You don’t walk into a house full of sex-trafficked teenager girls and think for a moment that you have anything in your toolbox to repair the damage–no matter what your background lends to the situation.
The six of them look like any other female teenager in middle America; clothes, hair, makeup.
Until you look into their eyes.
Behind the signature hair and heavy liner is a pinhole view into a vault of brokenness that virtually sucks the breath out of you.
As I make my way through introductions I am caught in the polarity of lighthearted interaction and a weighty spirit-deep intercession that silently groans from the recognition of my own impotence in the face of such need. On one level I smile and link arms with their humor but at a deeper place I have fallen to my knees and cry out to Almighty, Merciful God. And I tell myself to keep breathing–breathe in the Light that penetrates the darkness. Breathe out the Love that qualifies any effort to make a difference.
I smile-watch as she combs through a ragged box of Christmas decorations–dropped off by the smileless mother deemed unfit. She proffers these remnants of childhood with a demi-description of their history–bits and fragments of joy salvaged from unspeakable neglect. And most are tethered to a loving grandparent, now deceased, who tried to make a difference. She clings to her treasures and the fleeting memory of the few who really loved her. I celebrate with her. I handle and admire. I listen. This sliver of a moment interrupts her shatteredness while she abandons herself to enjoy the tree and the lights–and the vaporous sense of family and belonging.
I feign the need to use the restroom so I can breathe an inarticulate prayer. And I hear the faint nag of impossibility knocking at the door. How is it possible, Lord? How can we reach them with your love and point them to The Road out of their barren, hopeless wasteland of soul-anguish?
And I breathe in Grace–the pre-requisite to tread the hallowed ground of another’s sorrow. I exhale any remnant of myself tempted to hold to a notion that I might be able to help. And I remind myself that when our Lord drew His first breath into infant lungs on that silent and holy night, He pulled into Himself the full strain of our human disease–the epidemic of our sin-sickness and our pending and inevitable death. And He kept breathing the essence of our brokenness into His wholeness until He released His final breath and declared,
IT IS FINISHED.
In all this reverent breathing I am reminded of this Advent I have purposed to focus on Hope. And I am stricken with the irony that our Hope and Salvation arrived through the very conveyance by which these girls have been profoundly violated and exploited. The birth canal, the corridor of life-giving, in them, became a chamber for exploitation. And as our Father ushered His son into the world through human birthing, He did so with them in mind.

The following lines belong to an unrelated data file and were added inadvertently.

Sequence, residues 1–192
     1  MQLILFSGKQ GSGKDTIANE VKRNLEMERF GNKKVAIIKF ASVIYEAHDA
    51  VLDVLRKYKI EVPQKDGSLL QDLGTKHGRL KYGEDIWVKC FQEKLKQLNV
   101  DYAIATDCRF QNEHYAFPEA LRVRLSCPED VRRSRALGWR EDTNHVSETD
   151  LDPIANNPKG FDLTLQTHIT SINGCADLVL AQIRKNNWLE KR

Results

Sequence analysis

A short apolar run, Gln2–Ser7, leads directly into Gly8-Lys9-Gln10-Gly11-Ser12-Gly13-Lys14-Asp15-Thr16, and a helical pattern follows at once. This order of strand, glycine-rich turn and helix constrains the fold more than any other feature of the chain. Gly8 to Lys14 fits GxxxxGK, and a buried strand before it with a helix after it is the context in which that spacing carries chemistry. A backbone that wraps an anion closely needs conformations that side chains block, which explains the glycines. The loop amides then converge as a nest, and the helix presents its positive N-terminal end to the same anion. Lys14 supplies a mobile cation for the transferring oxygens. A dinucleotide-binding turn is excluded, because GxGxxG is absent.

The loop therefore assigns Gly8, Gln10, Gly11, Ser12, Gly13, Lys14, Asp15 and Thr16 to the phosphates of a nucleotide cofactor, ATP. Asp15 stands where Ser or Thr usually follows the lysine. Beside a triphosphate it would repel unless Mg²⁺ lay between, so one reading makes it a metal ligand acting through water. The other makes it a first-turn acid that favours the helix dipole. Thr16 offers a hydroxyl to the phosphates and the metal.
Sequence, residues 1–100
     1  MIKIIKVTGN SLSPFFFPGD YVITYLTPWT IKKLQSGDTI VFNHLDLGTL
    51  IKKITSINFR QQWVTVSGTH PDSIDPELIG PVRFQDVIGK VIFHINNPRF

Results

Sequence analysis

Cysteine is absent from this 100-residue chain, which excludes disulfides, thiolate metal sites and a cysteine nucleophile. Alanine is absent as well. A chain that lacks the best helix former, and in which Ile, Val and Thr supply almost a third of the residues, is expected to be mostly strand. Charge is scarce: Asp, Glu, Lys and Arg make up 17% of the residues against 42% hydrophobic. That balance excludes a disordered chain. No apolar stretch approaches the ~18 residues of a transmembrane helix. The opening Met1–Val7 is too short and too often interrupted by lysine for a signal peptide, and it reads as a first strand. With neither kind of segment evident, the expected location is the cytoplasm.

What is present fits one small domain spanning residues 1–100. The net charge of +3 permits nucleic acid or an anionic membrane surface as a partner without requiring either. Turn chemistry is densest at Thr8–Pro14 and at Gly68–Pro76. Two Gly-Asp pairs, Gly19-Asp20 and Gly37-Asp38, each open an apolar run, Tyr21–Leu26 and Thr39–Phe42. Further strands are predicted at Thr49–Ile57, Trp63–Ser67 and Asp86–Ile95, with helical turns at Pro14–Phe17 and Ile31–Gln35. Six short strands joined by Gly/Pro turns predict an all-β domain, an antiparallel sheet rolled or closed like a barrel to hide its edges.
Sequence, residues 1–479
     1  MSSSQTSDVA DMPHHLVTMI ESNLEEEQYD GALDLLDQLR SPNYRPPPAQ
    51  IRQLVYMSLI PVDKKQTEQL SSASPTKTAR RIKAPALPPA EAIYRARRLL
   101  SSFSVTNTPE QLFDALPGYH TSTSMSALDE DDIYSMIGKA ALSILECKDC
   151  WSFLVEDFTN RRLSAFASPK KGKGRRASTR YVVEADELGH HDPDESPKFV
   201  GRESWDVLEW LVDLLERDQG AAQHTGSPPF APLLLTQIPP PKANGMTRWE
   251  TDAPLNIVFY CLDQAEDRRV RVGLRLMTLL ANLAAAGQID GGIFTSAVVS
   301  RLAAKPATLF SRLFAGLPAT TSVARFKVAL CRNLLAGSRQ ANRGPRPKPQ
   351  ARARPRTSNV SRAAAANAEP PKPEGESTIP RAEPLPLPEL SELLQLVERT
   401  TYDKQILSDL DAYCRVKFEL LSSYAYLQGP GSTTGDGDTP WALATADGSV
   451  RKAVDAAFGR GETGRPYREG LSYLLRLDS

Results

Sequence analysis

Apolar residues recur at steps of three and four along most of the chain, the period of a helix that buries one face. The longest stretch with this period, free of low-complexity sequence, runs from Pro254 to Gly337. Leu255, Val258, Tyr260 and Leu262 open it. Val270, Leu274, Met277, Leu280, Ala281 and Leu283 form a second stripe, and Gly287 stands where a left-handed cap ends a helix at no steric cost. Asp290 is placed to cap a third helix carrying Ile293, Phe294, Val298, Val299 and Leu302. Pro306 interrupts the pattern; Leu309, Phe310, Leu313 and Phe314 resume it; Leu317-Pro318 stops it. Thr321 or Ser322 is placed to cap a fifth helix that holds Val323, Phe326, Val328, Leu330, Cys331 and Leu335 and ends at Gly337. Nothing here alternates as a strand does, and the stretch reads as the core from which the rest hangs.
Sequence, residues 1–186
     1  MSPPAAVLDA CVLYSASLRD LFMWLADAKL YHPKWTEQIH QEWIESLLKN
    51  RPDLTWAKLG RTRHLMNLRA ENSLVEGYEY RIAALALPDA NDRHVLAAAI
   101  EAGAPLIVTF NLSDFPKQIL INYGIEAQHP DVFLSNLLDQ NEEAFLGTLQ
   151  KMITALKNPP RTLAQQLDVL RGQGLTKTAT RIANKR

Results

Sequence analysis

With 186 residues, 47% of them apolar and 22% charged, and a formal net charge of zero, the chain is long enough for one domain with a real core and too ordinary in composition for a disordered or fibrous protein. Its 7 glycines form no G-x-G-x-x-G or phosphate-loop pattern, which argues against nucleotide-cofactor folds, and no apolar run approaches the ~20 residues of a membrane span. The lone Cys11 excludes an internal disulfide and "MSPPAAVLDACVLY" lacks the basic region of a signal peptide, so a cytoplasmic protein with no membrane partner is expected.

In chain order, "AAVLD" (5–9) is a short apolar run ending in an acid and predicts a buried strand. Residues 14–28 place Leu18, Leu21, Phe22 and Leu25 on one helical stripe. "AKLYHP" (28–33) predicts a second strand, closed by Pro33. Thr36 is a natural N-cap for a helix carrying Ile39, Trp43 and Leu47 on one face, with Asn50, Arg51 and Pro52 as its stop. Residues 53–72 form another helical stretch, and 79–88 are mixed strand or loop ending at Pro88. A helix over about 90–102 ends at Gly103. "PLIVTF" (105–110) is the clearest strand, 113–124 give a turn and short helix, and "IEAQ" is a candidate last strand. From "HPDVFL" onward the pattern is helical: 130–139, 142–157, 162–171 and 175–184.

With all of us in mind who have been ravaged by the one who comes to abort our hope and destroy our lives.
My tearful prayer the morning after:
Father, I can’t avert my eyes from the muck of the manger no matter how much more pleasant it is to focus on tinsel and tradition. And it’s always this way, Lord! We walk a tightrope of paradoxical truths. You are the glorious Light of the world that our eyes behold and our hearts hold dear but our feet trek through profound darkness. I so want Your light to shine through me. Let me be a Christmas star in the dark night of these girls’ lives–a bright light that points to You, our Hope–the ONLY HOPE of salvation. Of healing. Of restoration. Like Mary, you have chosen to dwell in me. “How can this be?” O God, by your mysterious ways, the same power that raised Jesus from the dead resides in me. Again, “How can this be?” Don’t let me be like Zechariah who doubted your plan and Your power. Father, in donkey-riding weakness, in manger-style humility I follow you to this census, this accounting for souls, and I remind you of these girls who are beyond my hands to reach. Lord, like Google Earth, zoom in on these girls. Ready their hearts for You. Set them apart for your special attention and preserve them until the day their eyes are opened and their hearts believe. Cocoon them in the silk of your salvation and transform their lives into a glorious banner of redemption.
The angel of the Lord replied, ‘The Holy Spirit will come upon you, and the power of the Most High will overshadow you…for nothing is impossible with God.’